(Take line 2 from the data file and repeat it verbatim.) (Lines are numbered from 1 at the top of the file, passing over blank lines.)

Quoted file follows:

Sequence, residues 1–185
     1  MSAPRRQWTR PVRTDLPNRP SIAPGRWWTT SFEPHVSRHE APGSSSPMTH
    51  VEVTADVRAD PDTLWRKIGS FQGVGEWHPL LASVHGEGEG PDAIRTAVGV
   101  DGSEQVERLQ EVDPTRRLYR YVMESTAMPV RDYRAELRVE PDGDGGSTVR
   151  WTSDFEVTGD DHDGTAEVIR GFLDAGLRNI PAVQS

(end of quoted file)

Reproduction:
     1  MSAPRRQWTR PVRTDLPNRP SIAPGRWWTT SFEPHVSRHE APGSSSPMTH